Directed By Arthur Marks
On paper Bucktown seems like a blaxploitation fan’s dream come true. Fred Williamson, Pam Grier and seasoned genre filmmaker Arthur Marks on all accounts should make for a potent combination. Maybe I expected too much from that stockpile of talent, because unfortunately the film ends up being merely adequate in large part due to the silly ass plot that would be feasible in maybe the Holy Crusades or Feudal Japan, but not so much in 1970s Missouri.
The action begins when Duke (Fred Williamson) steps off a train in Bucktown, Missouri to claim his recently deceased brother’s estate, which includes his flashy red-light district nightclub. Told that he must stay in town 60 days before the estate can be properly turned over, Duke decides to wait and tend to the business before selling it. All is not well in Bucktown however, as Duke soon finds out. The entire municipality is being strong-armed by a gang of corrupt police officers who extort cash from local businesses, solicit prostitutes, and participate in illegal gambling rings. Not to mention that they are racist as fuck. Seriously, even by typical genre standards these guys hurl out the most hateful, redneck slurs this side of the battle of Gettysburg.
When these guys try to pull that jive with Duke he stands up to them, refusing to hand over protection money. All seems well until the cops decide to pay Duke a visit at home as he is sexin’ up his lady (Pam Grier) and proceed to fill the house with lead. Fed up, Duke decides to call in the big guns back home, world class criminal Roy (Thalmus Rasulala) and his army of suave, flannel jacket wearing badasses are sent down to take care of business. They step off the train and proceed to rid honkeytown of the rampant corruption by systematically gunning down the white police force in spectacular fashion. Far from personal revenge, this shit is on a town wide scale as cops are beaten with baseball bats, cars are blown up, and fleeing officers are shot in the ass while Fred Williamson laughs and sparks up another cigar.
The chief is locked up in an underground jail cell and the mayor congratulates the vigilantes by suggesting a parade, which is turned down in favor of awarding them all city employment as police officers! Yeah. Beginning to see where this is headed?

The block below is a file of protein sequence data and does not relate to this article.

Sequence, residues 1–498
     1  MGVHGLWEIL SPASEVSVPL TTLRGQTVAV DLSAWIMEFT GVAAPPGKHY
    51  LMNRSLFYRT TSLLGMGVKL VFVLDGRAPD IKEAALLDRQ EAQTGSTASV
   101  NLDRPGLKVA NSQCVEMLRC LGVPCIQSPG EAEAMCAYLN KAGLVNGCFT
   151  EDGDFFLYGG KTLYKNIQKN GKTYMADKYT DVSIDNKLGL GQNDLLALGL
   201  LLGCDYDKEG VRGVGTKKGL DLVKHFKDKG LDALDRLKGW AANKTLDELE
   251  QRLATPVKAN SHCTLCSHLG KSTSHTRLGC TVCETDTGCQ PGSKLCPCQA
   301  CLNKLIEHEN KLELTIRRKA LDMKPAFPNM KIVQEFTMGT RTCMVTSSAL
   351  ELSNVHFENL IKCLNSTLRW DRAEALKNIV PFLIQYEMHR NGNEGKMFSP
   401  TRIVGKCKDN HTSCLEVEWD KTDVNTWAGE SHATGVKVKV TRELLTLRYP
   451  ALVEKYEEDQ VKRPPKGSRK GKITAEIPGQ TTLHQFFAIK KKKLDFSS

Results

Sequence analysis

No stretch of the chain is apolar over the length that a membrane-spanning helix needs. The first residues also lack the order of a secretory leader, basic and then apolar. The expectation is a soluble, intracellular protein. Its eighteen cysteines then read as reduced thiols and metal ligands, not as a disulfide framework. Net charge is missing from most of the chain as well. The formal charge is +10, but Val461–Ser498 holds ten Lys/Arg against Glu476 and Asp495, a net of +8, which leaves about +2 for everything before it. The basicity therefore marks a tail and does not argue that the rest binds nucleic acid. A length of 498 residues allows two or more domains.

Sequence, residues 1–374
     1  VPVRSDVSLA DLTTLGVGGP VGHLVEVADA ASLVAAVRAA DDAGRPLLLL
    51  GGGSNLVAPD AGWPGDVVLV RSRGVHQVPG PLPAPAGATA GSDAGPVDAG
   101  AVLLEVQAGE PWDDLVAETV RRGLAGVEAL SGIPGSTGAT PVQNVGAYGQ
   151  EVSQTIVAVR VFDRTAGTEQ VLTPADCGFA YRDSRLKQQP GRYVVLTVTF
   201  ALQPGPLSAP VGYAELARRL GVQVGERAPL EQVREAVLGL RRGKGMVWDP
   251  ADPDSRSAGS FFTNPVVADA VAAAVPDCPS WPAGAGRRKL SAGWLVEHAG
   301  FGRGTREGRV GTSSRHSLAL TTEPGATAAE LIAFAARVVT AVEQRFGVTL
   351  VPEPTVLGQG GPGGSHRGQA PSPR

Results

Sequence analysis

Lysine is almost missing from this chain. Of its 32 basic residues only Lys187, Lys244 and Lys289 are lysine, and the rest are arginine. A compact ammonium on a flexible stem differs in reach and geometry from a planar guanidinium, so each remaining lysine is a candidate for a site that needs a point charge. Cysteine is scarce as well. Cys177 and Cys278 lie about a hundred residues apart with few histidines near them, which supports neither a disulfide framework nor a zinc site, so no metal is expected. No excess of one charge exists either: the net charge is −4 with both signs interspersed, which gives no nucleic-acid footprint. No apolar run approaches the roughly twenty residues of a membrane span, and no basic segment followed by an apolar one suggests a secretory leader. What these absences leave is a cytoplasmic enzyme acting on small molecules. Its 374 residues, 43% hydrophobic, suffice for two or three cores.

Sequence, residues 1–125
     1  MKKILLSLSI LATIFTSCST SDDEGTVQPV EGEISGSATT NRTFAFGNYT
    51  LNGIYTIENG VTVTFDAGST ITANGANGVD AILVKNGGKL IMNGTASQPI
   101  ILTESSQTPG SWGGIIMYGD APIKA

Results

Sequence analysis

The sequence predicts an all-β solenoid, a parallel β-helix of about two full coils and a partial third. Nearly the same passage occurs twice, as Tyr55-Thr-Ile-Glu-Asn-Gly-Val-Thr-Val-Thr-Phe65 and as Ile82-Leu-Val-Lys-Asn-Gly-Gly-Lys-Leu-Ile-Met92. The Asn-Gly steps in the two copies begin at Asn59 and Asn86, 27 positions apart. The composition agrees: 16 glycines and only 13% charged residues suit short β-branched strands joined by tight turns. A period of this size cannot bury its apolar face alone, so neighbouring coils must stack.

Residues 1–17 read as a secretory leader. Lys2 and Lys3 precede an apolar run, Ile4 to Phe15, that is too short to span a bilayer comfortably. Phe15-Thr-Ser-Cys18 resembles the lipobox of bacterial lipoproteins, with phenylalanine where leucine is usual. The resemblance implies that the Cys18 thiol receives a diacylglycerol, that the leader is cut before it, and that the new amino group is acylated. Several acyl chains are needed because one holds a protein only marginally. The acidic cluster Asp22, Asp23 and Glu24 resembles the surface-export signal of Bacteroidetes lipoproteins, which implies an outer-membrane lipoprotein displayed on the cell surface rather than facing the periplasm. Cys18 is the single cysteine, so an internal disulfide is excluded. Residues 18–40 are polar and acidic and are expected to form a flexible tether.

Now I’m willing to accept many things in the movies from old guys who can chop down trees with kung fu to ancient demons with live caterpillar phalluses. But the mayor handing an entire town over to a gang of prolific, cop-killing criminals, no questions asked was a little much, even by my standards. I can understand this kind of thing being the way business was handled say, 400 years ago when kingdoms needed overthrowing and kings needed toppling, but in modern day Missouri these guys would have the national guard firing mortar shells and mowing down walls with Abrams tanks before they could pin on their badges.
Needless to say, Roy and his thugs pick up right where the cops left off, once again milking the town for profit and littering it with every lowbrow scheme you could cook up. Duke takes issue of course and chides Roy because it’s brothers against brothers this time. Duke is willing to let it slide for a while, simply refusing any profits, but when Roy’s gang breaks in and tries to take some of Pam’s cherry the Hammer leaps into action, jumpkicking the assailant and beating the unholy shit out of him before hijacking a military armored car and crashing it into Roy’s fortified compound.
So you see, this film takes a nosedive after about 1/3rd of the way in. It starts off strong enough and shows a lot of promise before it winds up looking like a collection of Spy vs. Spy comic strips. Don’t get me wrong, The Hammer gets the job done, strutting around with those big collar shirts of his that are buttoned only halfway up, sparking up pencil-thin cigars and shooting that “did you say something?” look off every five minutes or so. His action scenes are great as usual with a lot of heavy hits, broken pool cues and shattered bottles. It’s Pam who ultimately suffers here as she turns in another tender-hearted “Can’t you see what you’re doing?” performance. There’s nothing wrong with it, she just doesn’t have a lot to do. This should have been the Heroes Two of blaxploitation cinema, with Pam and Fred both dishing out some badass, raw, shotgun-toting action. Instead Pam has to play second fiddle and becomes barely necessary here… Boo! Me no likey!
Genre regulars will be happy to find the usual American International crew and bit-players here in full force. Rasulala is as good here as he was in Blacula, Art Lund is just as shallowly evil as he was in Black Caesar, and Carl Weathers and young Tierre Turner from Friday Foster show up to round out the cast.
Don’t be fooled when you look this shit up on IMDB and see the cast and crew. Aside from a few choice moments, Bucktown is hardly worth your time. In the end, this is 94 minutes you could spend watching Coffy instead.